Change Your Clock, Change Your Battery {Giveaway}

(Disclosure: This is a sponsored post but all thoughts are my own.)

Did you know that home fires take the lives of more than 2,500 people each year in the United States? Most of these deadly fires happen while the people in the home are sleeping. I used to think that this was because they didn’t have smoke detectors but this is not the case. 71 percent of smoke alarms that failed to operate had missing, disconnected or dead batteries, and according to the National Fire Protection Association, three out of five fatal fire injuries take place in homes without working smoke alarms.

Those are alarming statistics. Today, an issue at the forefront of fire safety is not installing smoke alarms, but keeping smoke alarms working because households with non‐working smoke alarms now outnumber those with no smoke alarms. One company doing their part to bring this issue to the public’s attention is Energizer. They, along with local fire departments, have been holding events all throughout the country this month.

The easiest way to remember to change the batteries in your smoke detectors is to get in the habit of doing it when you change your clocks for Daylight Savings Time. A few extra seconds can make all the difference when trying to escape safely during a fire so it’s important to have a working smoke detector. This is also a good time to talk to your children about fire safety! You can find some coloring pages here.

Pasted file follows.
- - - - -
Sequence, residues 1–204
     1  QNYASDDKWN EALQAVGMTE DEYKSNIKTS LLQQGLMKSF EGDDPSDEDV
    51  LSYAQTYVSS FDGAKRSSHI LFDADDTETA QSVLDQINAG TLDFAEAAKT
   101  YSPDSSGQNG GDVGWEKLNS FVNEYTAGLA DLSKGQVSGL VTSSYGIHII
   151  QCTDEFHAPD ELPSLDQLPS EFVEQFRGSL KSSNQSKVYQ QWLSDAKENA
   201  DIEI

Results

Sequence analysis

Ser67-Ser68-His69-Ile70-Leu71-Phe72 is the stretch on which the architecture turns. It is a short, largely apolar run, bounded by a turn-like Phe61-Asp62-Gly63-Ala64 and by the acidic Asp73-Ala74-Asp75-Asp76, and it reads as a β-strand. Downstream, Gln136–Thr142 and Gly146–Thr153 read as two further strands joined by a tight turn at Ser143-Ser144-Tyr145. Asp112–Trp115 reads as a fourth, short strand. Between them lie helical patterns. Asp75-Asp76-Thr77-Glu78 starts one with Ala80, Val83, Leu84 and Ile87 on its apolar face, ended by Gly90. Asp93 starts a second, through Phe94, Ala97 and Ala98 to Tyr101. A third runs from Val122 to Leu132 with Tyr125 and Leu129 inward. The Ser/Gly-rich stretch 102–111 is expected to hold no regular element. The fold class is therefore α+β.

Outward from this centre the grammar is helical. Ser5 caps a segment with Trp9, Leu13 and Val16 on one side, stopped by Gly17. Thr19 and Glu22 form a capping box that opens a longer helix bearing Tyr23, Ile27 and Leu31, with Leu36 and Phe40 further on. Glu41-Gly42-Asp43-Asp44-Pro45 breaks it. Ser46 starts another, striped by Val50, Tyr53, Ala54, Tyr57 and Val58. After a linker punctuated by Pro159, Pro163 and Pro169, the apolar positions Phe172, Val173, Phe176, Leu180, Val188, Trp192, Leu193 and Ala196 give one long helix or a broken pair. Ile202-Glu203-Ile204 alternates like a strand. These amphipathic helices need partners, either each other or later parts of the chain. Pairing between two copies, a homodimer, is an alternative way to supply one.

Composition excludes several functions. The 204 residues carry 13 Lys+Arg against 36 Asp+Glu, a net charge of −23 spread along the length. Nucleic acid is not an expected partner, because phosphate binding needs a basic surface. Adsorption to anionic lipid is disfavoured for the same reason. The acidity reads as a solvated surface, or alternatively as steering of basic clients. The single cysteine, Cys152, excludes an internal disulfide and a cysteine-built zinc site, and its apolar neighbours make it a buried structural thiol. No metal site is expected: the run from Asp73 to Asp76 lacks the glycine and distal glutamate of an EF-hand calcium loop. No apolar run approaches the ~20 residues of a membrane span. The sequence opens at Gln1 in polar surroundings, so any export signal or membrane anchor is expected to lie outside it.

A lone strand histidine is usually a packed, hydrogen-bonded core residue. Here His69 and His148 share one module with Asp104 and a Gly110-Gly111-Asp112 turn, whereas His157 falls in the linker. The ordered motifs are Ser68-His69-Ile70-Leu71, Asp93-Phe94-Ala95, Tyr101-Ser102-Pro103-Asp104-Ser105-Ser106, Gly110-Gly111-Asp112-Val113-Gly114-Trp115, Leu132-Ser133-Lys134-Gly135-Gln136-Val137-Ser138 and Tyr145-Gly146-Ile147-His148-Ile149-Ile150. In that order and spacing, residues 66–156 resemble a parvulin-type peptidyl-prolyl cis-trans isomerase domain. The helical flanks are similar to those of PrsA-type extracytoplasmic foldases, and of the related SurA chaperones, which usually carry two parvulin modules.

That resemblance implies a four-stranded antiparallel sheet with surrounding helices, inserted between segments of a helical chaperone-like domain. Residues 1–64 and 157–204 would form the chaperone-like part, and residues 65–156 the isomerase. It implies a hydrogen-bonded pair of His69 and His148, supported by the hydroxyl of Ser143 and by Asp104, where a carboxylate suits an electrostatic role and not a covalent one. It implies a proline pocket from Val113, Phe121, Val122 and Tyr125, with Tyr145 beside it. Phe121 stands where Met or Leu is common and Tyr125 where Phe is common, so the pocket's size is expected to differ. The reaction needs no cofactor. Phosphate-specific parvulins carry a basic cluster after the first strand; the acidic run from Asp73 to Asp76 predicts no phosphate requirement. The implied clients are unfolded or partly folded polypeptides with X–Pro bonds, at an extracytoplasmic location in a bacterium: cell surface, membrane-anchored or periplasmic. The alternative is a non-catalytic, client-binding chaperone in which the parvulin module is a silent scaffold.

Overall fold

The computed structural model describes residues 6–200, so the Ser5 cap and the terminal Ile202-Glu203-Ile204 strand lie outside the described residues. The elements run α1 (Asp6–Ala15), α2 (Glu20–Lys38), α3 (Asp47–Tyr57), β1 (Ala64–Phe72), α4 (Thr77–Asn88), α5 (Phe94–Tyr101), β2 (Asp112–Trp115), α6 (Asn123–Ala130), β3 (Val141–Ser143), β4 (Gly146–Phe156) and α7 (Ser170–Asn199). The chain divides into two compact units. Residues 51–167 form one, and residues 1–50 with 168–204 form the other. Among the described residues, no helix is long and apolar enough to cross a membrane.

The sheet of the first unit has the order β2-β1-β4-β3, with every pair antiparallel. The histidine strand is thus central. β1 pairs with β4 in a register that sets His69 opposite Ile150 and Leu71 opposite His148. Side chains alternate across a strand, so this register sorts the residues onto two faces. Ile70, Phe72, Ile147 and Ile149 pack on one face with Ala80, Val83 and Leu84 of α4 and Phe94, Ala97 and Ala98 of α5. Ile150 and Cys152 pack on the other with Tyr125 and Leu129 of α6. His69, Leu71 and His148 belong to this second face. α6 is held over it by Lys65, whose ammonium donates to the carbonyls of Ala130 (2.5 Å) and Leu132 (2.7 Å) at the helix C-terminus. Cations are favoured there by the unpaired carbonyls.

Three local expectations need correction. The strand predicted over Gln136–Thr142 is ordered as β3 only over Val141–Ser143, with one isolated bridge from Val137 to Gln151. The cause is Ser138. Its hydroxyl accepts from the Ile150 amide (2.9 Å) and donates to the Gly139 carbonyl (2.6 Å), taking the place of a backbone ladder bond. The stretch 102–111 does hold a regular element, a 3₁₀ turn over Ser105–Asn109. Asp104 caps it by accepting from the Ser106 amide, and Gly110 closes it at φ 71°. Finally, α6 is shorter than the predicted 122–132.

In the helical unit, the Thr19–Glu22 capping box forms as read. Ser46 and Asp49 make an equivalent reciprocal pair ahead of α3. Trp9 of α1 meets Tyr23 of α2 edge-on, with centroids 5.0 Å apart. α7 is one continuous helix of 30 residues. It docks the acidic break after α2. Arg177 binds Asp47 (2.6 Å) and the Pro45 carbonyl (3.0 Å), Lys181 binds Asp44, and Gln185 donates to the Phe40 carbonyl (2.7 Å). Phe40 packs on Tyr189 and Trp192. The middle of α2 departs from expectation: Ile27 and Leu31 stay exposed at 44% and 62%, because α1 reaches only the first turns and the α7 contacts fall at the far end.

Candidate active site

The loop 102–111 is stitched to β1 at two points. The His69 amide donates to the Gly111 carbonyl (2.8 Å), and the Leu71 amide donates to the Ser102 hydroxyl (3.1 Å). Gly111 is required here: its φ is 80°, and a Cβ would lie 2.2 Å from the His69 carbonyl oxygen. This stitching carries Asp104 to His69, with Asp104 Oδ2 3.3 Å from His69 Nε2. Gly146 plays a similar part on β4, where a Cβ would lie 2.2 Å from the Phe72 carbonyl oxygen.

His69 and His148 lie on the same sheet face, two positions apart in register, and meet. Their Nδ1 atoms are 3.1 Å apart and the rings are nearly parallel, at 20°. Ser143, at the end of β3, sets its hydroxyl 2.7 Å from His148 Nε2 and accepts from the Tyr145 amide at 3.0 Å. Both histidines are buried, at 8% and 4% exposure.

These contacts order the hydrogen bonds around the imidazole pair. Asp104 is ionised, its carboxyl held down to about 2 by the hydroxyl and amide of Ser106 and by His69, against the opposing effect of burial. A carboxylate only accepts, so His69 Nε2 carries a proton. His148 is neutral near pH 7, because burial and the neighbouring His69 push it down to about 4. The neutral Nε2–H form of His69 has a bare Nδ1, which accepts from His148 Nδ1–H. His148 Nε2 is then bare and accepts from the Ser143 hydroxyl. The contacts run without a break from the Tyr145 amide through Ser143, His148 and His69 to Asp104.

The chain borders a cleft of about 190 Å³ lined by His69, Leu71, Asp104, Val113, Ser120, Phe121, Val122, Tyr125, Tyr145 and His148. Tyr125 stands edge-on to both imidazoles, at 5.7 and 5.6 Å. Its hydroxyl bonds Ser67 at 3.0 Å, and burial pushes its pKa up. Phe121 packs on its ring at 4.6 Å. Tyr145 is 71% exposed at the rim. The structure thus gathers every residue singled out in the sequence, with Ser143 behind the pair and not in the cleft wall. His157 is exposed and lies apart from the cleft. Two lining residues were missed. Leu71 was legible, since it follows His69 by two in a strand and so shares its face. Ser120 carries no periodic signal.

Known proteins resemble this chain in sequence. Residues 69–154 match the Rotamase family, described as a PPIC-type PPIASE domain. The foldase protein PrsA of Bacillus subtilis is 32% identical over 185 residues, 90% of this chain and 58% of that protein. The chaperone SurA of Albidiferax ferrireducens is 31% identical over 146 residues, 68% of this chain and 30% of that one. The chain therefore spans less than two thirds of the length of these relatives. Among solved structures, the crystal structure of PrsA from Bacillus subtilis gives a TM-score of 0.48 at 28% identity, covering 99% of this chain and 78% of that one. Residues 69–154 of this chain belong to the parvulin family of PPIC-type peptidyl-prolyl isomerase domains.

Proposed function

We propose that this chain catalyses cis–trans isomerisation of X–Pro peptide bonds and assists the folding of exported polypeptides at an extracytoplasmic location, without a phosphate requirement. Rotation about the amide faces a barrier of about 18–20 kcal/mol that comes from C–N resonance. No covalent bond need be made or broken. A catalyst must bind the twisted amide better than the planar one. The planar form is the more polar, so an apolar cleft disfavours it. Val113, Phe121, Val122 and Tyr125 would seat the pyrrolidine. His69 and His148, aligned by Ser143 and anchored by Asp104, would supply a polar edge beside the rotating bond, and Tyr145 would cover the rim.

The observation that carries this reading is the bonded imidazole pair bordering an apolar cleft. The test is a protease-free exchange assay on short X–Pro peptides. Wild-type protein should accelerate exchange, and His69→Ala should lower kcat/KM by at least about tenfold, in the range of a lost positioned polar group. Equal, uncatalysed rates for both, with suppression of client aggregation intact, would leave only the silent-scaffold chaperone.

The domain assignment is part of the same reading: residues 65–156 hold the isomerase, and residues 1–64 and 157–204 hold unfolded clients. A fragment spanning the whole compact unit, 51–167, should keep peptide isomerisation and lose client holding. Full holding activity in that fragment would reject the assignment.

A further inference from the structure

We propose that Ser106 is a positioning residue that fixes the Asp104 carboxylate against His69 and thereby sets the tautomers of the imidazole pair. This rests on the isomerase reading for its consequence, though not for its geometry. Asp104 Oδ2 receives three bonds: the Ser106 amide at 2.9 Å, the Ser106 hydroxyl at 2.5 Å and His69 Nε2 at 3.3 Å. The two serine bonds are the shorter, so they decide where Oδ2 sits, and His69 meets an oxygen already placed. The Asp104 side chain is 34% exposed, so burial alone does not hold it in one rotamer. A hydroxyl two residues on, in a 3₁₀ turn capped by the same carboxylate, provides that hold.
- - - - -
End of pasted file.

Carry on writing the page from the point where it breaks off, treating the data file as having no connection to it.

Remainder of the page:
Learn more about Energizer’s initiatives by following Energizer on Twitter or liking their Facebook page.

GIVEAWAY:

2 winners will each receive the Energizer prize package featured above that includes a smoke detector, 2 pack 9V Energizer® batteries, 12-inch Energizer® Bunny, Energizer® foam bunny ears, coloring book, journal and pen.

HOW TO ENTER:

Leave a comment telling me something you learned by reading this post

For an extra entry, share this giveaway on social media and leave a comment below

 Giveaway ends November 22, 2014 at 11:49pm CST. Must be 21 or older and a US resident to enter.

Comments

  1. 71 percent of smoke alarms that failed to operate had missing, disconnected or dead batteries, and according to the National Fire Protection Association, three out of five fatal fire injuries take place in homes without working smoke alarms.

  2. I learned to change the batteries in my smoke detectors at the same time as changing my clocks at Daylight savings time.

  3. I learned that 71 percent of smoke alarms that failed to operate had missing, disconnected or dead batteries, and according to the National Fire Protection Association hree out of five fatal fire injuries take place in homes without working smoke alarms.

  4. Betsy Barnes says

    I learned that 71 percent of smoke alarms that failed to operate had missing, disconnected or dead batteries, and according to the National Fire Protection Association, three out of five fatal fire injuries take place in homes without working smoke alarms. :)

  5. Betsy Barnes says
  6. I learned this fact: 71 percent of smoke alarms that failed to operate had missing, disconnected or dead batteries.

  7. Change your batteries when you change your clocks!

  8. To remember easily, change your batteries when you set your clocks back/forward